Making a Vocation of Energy Healing

Learn about things to consider regarding making a vocation of energy healing such as Reiki or Seichim.

A former Reiki student sent me an email asking how to go about making a vocation of Reiki, a method of energy healing. In thinking about the whole subject, I decided I'd answer her here, because this is a question that's come up repeatedly.

First off, let me say that my experience is that people who make a vocation of doing energy healing often end up with many of the same difficulties as both doctors and ministers combined. I suggest that anyone considering a career in energy healing think about this long and hard before they commit themselves to that path. Are you prepared to possibly be sued for charging someone for healing and them or their family not being happy with the result? Are you prepared to deal with people of faiths differing from yours possibly calling what you do "the work of the devil" in public? Are you willing and able to do energy healing enough times during the week that you can earn a living from doing it? Are you willing to do the ethical and proper thing for your clients no matter how you feel about it personally? Are you willing to watch people die as well as be apparently healed? These are just some of the things that crop up when doing full time energy healing work. It's not enough just to feel a calling to make a career of energy healing. You must also be able to handle the day to day details of doing it for a living.

Second, are you marketable as an energy healer of some kind? While I know that certification is merely a piece of paper, just as a college diploma is, that certification carries a great deal of weight when it comes to one's ability to market themselves in this field. Is your certification of a high enough level that it's viable that you can practice your chosen energy healing as a career? I believe that a sincere Reiki 1 practitioner can channel the energy as effectively as a less sincere Reiki Master can. Again, though, if you want to make a career of energy healing, people will want to see on paper that you are acknowledged to have a high level of skill. Also, do you have complimentary skills that would help you in energy healing as a career. Certification or other training in psychology, first aid, medicine, ministry and other areas can greatly add to your ability to market yourself. If you don't feel that you are marketable yet, find ways to become so.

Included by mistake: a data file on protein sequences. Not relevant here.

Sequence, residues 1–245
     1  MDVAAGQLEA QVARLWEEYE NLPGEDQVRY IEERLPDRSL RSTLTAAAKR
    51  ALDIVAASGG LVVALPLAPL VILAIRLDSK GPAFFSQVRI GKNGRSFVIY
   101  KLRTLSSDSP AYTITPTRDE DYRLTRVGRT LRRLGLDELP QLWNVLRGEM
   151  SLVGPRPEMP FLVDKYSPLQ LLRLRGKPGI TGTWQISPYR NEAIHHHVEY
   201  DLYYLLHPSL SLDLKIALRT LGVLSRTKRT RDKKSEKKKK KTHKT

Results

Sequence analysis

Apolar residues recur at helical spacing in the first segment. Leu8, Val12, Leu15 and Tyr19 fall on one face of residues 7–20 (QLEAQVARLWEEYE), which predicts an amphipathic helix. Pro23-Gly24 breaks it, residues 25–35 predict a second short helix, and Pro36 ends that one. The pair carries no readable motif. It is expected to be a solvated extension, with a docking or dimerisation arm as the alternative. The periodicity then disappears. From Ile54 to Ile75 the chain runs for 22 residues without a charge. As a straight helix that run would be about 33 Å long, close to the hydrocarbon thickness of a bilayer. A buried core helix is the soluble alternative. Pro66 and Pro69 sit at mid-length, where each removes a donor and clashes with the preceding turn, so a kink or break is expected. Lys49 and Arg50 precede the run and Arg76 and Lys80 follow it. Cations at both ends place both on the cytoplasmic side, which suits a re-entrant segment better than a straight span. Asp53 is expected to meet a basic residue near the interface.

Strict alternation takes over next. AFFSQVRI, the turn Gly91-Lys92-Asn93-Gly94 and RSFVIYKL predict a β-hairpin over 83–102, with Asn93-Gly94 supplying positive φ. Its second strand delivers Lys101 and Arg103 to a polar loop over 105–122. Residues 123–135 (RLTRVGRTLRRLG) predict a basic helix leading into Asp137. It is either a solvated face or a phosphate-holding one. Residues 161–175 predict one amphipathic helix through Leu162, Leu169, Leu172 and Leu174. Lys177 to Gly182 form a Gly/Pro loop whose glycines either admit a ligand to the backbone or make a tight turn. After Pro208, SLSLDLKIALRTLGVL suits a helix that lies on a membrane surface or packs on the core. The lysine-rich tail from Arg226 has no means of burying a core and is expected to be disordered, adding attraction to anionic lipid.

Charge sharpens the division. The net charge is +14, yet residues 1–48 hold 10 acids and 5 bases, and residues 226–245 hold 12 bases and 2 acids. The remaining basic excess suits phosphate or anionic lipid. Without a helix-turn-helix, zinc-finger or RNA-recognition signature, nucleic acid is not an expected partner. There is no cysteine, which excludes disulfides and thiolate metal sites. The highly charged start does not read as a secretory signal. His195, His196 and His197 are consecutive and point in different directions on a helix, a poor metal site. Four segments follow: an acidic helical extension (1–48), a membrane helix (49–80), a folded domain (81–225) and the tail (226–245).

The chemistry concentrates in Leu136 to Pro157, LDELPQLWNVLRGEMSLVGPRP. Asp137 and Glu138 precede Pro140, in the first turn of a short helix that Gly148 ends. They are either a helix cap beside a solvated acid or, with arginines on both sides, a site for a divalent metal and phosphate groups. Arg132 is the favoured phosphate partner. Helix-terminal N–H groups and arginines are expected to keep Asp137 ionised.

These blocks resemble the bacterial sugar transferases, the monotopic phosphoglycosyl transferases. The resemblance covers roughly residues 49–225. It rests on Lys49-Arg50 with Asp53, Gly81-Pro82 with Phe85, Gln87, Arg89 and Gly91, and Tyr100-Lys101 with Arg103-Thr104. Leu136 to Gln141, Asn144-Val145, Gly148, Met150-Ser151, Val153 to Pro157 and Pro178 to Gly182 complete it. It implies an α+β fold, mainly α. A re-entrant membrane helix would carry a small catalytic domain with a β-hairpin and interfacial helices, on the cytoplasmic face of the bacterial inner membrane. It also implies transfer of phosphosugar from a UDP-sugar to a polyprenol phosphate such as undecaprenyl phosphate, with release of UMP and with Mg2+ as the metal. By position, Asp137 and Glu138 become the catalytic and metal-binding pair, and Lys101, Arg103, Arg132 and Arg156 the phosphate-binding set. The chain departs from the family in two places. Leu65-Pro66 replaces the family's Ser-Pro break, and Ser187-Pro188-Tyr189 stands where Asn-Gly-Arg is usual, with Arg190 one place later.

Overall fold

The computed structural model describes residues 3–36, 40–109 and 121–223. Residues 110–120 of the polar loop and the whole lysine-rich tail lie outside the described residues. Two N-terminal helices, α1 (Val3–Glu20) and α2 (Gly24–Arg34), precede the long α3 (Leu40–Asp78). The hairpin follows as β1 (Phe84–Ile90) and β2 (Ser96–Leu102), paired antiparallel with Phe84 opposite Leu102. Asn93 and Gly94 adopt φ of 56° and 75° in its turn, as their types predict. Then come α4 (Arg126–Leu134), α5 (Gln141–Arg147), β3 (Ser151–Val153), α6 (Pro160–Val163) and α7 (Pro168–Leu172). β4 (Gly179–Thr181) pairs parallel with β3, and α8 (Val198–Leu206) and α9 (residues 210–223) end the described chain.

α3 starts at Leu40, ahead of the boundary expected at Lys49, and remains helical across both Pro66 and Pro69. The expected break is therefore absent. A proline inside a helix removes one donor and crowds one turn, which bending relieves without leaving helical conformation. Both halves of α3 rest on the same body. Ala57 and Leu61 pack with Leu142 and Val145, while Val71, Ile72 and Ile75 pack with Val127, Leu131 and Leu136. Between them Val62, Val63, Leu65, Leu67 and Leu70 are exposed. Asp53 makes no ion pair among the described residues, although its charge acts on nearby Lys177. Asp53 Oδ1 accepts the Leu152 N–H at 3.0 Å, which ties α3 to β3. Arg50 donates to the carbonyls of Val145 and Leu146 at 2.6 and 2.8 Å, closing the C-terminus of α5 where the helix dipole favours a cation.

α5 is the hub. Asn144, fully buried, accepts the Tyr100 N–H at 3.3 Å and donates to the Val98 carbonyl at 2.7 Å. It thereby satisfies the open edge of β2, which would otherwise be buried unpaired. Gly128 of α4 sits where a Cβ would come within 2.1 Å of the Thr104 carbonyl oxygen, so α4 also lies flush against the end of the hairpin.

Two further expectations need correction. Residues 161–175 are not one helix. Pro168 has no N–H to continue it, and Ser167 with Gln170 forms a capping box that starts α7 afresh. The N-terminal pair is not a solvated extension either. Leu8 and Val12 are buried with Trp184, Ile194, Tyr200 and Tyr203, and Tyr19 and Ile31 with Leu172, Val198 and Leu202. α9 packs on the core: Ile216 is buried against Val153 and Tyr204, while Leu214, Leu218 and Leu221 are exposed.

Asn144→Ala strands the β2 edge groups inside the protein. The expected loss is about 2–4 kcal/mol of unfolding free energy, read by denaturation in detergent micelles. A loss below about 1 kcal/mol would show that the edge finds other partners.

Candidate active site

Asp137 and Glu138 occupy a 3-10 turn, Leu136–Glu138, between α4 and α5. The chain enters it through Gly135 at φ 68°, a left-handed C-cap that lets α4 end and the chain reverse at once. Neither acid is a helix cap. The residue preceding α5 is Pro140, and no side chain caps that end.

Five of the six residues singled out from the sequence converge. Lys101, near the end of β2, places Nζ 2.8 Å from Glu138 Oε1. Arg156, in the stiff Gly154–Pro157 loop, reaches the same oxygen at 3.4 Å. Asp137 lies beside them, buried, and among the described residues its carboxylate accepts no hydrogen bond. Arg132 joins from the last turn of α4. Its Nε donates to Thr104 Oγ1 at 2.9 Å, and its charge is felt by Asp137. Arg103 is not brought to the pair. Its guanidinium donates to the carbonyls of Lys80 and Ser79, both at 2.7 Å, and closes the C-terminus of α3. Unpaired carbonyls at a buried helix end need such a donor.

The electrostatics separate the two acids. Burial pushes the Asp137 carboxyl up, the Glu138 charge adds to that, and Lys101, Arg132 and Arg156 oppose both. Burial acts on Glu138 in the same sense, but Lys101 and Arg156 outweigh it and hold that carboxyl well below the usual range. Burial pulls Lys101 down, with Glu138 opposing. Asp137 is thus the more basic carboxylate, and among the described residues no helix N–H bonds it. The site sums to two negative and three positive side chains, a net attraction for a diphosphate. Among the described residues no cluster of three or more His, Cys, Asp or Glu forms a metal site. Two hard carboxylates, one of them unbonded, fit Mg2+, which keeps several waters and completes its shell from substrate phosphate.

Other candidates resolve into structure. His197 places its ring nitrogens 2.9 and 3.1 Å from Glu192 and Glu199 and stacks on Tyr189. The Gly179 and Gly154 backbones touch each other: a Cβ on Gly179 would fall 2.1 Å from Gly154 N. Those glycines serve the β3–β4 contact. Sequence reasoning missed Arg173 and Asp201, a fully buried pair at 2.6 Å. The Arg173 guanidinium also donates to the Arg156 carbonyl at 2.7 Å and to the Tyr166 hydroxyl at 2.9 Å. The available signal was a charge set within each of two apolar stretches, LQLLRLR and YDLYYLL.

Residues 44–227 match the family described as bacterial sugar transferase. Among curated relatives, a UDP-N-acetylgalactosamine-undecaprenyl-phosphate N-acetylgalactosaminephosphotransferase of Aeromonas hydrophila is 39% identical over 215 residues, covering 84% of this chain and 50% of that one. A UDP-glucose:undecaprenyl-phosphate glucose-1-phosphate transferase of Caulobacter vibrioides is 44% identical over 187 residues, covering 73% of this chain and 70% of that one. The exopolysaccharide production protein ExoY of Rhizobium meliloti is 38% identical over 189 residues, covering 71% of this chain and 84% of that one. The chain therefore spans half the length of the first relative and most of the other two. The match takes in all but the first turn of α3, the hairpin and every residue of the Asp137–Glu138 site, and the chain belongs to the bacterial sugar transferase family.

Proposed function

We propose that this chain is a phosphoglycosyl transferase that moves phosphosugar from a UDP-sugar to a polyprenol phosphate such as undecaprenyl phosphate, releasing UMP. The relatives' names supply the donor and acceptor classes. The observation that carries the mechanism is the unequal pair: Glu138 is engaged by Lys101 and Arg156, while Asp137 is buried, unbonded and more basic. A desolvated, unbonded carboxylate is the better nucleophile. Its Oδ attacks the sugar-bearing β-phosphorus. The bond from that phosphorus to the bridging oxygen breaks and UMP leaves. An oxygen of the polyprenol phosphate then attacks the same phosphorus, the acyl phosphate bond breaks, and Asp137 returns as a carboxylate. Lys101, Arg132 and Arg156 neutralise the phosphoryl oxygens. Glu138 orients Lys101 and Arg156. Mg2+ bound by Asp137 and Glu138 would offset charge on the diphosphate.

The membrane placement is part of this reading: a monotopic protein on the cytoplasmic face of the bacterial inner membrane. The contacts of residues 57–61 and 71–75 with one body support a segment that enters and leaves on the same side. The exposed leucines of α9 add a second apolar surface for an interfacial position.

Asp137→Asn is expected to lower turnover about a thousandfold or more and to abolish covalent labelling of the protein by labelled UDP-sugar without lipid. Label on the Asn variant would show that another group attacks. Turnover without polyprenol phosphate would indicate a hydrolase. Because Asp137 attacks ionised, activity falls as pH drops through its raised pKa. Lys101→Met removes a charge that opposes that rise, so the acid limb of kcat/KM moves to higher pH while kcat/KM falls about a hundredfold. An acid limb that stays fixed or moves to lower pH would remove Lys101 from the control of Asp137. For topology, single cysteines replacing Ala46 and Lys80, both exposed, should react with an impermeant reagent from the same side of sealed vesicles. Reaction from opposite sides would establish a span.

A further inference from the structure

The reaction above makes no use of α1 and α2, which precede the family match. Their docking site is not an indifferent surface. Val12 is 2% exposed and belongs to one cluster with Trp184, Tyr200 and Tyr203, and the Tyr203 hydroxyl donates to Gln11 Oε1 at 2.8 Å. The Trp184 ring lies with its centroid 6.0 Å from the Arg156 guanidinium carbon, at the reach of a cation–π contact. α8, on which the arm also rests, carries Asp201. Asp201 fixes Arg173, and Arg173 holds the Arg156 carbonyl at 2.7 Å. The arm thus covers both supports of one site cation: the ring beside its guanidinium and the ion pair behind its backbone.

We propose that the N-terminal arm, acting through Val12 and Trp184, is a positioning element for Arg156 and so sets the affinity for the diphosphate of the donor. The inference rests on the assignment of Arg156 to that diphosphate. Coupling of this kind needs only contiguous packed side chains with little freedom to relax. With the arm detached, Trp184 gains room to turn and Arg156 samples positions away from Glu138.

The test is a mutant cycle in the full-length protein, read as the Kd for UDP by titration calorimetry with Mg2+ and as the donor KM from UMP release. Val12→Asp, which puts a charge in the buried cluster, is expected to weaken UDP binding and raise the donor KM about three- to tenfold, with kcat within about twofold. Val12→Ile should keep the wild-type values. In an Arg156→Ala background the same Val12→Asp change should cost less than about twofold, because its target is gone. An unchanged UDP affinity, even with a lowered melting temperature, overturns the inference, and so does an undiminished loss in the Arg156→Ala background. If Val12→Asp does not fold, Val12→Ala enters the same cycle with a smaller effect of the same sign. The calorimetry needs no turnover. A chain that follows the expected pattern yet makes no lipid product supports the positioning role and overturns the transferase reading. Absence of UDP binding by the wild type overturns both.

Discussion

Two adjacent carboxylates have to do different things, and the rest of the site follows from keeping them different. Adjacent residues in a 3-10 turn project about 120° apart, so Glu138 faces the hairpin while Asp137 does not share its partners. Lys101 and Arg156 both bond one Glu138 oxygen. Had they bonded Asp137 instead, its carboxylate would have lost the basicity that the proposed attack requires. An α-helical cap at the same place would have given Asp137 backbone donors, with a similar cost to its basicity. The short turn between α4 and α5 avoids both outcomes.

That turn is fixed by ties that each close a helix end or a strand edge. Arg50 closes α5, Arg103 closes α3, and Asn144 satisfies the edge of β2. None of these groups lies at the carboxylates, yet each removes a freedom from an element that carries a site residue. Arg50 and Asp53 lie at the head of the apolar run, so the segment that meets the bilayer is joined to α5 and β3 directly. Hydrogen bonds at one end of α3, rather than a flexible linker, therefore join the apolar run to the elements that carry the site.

Third, find your niche in the energy healing field. If you like working with adults of all ages, but dislike working with children, then it's likely in everyone's best interest that you find a place to work that doesn't require that you work with children. Do you have the financial ability and personal flexibility to start a practice of your own? If not, working in a group setting might be an option for you. Or you might want to start out part time.

Fourth, is it legal to practice energy healing for money in your area? What licenses and credentials are needed? If you don't know, find out ahead of time! An attorney can tell you the legal stuff, although you may be able to get casual information from other practitioners in your area or the local Board of Nursing. You can also look up Reiki or alternative medicine in the Yellow Pages. Find all this stuff out and comply before you start practicing energy healing as a career or you might find your career coming to an abrupt, unpleasant end.

Fifth... finding a place to practice. Unless you can afford advertising and supporting yourself while your business takes off, I don't see how you can start full-time in a practice of your own. That means you'll likely want to look for a clinic or health center that you can work in. Again, checking with the local Board of Nursing or "alternative medicine" in the Yellow Pages can be a start.

I hope I haven't painted a bleak picture of energy healing as a vocation. I just know that it's easy to get caught up in the energy side of it and forget that like any other vocation, energy healing as a career is a business.

©1999 to present Robyn A. Harton

                        

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